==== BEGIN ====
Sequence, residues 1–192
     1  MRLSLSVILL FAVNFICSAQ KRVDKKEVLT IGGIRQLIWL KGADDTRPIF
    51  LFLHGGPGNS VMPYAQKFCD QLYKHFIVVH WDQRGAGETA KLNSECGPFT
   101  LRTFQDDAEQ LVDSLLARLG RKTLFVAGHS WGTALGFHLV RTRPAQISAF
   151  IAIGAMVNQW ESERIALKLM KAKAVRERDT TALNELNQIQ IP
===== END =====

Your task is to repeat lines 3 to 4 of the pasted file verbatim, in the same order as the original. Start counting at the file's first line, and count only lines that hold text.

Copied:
    51  LFLHGGPGNS VMPYAQKFCD QLYKHFIVVH WDQRGAGETA KLNSECGPFT
   101  LRTFQDDAEQ LVDSLLARLG RKTLFVAGHS WGTALGFHLV RTRPAQISAF